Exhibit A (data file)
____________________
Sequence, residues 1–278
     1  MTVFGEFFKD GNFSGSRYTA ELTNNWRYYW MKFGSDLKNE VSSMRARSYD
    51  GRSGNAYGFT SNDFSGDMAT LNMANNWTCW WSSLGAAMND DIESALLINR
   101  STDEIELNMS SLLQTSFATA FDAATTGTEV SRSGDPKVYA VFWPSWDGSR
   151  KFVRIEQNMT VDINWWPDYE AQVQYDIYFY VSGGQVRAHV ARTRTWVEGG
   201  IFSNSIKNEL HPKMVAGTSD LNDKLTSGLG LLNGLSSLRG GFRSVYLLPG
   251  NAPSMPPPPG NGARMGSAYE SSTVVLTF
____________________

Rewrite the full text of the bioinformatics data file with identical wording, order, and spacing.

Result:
Sequence, residues 1–278
     1  MTVFGEFFKD GNFSGSRYTA ELTNNWRYYW MKFGSDLKNE VSSMRARSYD
    51  GRSGNAYGFT SNDFSGDMAT LNMANNWTCW WSSLGAAMND DIESALLINR
   101  STDEIELNMS SLLQTSFATA FDAATTGTEV SRSGDPKVYA VFWPSWDGSR
   151  KFVRIEQNMT VDINWWPDYE AQVQYDIYFY VSGGQVRAHV ARTRTWVEGG
   201  IFSNSIKNEL HPKMVAGTSD LNDKLTSGLG LLNGLSSLRG GFRSVYLLPG
   251  NAPSMPPPPG NGARMGSAYE SSTVVLTF